- Movie Rating -

Whirlybird (2020)

| August 28, 2021

[This review is part of my ongoing coverage of the films screened at Birmingham Alabama’s 23rd Annual Sidewalk Film Festival]

Previous to seeing Matt Yoba’s documentary Whirlybird, I only knew Bob Tur as that guy who filmed O.J.’s infamous chase down the L.A. Freeway in his white Ford Broncho.  That’s a pretty lofty bit of notoriety even if no one knows anything else about you.  Truth be told, I never thought about who was filming it, and even more disturbingly, I never thought about exactly how low that helicopter had to get in order to get in so close that one could see Simpson moving around inside.

When you’ve spent some time with Bob Tur (now Zoey Tur), you’re not at all surprised that she put herself, her pilot and her own wife in mortal danger to capture one of the most chilling moments in the last decade of the 20th century.  Throughout this film, we learn that this was a person whose whole life has been a high-wire act, always teetering on the edge of danger, always reaching for video footage of crimes and police chases that others in the field might have backed away from.  Given her background of parental abuse, a risk-taking profession and difficultly coming to grips with her own sexual identity, it almost seems inevitable that it would eventually destroy her marriage.

Whatever his deep-seeded flaws, this type-A personality and a raging ambition may have cost her, what she captured on film and what she built as a video journalist were invaluable.  She and her wife took to the seedy world of crossing police lines and sneaking into crime scenes almost as a kind of drug.  We see that Tur is not someone who was afraid to get into a screaming match with an angry cop (it’s all the more daring in that this is the LAPD).  Yoka places at the forefront the footage that Tur and wife Marika were able to capture.  We get a front-row seat to the adrenaline rush that made their job so addictive.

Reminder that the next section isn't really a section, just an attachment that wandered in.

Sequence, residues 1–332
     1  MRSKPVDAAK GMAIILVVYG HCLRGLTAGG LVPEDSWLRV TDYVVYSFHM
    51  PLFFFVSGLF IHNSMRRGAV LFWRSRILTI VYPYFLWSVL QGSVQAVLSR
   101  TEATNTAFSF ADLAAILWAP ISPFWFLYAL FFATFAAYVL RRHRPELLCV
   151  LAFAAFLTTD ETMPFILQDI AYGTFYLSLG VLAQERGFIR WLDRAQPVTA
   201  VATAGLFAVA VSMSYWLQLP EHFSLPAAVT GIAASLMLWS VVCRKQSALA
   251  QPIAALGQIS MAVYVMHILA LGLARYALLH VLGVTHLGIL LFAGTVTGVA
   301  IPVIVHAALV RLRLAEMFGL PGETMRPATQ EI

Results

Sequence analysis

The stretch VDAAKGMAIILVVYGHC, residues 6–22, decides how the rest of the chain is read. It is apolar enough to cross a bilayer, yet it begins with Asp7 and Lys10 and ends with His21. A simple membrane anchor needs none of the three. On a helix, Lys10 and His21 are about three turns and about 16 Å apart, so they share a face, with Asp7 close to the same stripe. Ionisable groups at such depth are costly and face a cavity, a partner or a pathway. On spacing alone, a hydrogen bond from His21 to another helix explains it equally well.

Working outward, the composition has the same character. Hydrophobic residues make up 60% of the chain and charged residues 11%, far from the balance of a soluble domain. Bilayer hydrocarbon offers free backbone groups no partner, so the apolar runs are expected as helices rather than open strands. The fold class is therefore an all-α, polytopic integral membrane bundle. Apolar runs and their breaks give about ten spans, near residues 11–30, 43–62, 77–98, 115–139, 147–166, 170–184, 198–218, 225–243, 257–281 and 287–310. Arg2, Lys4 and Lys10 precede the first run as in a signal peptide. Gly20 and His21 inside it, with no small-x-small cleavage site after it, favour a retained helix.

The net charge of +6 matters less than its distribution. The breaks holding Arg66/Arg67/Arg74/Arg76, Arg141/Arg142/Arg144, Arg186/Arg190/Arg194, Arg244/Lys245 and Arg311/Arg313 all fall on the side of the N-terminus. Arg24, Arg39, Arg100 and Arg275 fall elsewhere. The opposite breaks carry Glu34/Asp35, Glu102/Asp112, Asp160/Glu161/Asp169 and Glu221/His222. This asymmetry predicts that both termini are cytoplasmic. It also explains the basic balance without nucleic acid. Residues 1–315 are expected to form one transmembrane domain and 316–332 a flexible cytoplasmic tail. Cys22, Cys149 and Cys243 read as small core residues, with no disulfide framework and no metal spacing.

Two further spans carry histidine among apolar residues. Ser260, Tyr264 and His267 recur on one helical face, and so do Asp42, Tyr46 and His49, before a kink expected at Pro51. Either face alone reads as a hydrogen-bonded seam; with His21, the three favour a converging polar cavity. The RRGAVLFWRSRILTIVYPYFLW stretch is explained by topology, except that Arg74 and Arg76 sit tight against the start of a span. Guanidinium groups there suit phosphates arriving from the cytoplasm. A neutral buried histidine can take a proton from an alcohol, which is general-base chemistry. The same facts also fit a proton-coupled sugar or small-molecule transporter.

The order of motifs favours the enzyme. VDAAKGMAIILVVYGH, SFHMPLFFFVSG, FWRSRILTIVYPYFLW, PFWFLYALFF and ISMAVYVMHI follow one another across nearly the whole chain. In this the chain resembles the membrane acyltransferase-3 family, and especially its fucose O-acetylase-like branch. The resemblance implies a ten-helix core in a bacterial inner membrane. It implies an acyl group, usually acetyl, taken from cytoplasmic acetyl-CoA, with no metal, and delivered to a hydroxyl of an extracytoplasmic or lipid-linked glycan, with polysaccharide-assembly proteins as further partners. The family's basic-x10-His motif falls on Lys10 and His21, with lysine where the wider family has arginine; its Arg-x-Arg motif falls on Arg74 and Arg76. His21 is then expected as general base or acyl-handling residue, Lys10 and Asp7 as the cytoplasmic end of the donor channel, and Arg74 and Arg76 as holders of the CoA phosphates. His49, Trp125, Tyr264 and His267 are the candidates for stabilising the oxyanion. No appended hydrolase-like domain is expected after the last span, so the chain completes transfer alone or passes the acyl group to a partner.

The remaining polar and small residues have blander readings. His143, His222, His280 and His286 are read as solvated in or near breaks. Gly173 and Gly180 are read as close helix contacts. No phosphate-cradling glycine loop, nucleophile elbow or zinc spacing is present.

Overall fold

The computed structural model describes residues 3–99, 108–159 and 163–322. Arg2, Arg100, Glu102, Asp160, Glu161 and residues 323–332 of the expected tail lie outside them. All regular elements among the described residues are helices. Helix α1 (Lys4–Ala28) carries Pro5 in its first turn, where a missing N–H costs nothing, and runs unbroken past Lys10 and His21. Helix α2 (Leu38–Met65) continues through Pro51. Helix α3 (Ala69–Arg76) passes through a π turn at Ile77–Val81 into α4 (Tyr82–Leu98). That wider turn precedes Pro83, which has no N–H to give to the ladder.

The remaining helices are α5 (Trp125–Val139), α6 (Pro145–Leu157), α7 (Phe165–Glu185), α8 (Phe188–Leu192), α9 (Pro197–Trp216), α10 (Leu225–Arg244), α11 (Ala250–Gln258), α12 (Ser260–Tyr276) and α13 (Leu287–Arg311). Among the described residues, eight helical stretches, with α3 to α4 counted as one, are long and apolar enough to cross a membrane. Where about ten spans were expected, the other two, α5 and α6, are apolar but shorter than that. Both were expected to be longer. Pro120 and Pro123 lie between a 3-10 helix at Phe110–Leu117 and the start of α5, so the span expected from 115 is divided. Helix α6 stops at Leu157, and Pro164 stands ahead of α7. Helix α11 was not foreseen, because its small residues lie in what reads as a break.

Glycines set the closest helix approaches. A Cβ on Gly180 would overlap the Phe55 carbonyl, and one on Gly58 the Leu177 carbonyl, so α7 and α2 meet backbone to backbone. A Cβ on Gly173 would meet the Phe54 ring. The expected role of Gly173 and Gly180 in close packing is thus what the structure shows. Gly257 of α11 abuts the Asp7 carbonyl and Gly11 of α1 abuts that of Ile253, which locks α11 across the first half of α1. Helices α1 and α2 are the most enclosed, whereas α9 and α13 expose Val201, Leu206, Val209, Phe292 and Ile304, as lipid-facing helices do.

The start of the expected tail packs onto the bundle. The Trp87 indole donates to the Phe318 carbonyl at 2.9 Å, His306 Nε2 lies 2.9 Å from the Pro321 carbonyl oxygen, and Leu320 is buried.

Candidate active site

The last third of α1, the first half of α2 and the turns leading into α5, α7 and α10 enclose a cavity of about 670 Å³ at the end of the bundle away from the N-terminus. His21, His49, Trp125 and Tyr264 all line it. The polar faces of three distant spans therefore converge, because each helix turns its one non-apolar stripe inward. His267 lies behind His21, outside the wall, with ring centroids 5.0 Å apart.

Her job may remind you of what Jake Gyllenhaal was doing in Nightcrawler, but the stakes were much higher.  They were inventing a new kind of video journalism.  Starting out by selling juicy footage of one-the-scene accidents and chases to news agencies, they became so successful that they bought a helicopter that they rigged up so that they could capture footage in a new way.  They learned how to get in close and yet still remain airborne, they captured not only the chilling images of the L.A. riots in the wake of the Rodney King verdict, but also the beating of Reginald Denny.

Obviously, staying ahead of police chases and on-the-scene crimes was a 24/7 job and eventually it took a toll on their marriage.  As the business grew (they started working for CBS) the demands of the job put a strain on the marriage, particularly as Bob began transitioning to Zoey.  It is painful to listen to Bob berate Marika for not getting the right footage.  We can see the marriage coming apart.

What we get from this movie is the story of a complicated individual.  It is one thing to focus on the footage that the Turs made famous, but it is another to really zero in on the person that Zoey was before and after the transition.  The movie does not offer and ending-point, a reconciliation nor any sort of follow-up beyond a text to tell you what happened to everyone.  What becomes of Zoey Tur by the end is really wrought from the failings in her own personality.

About the Author:

Jerry Roberts is a film critic and operator of two websites, Armchair Cinema and Armchair Oscars.
(2020) View IMDB Filed in: Documentary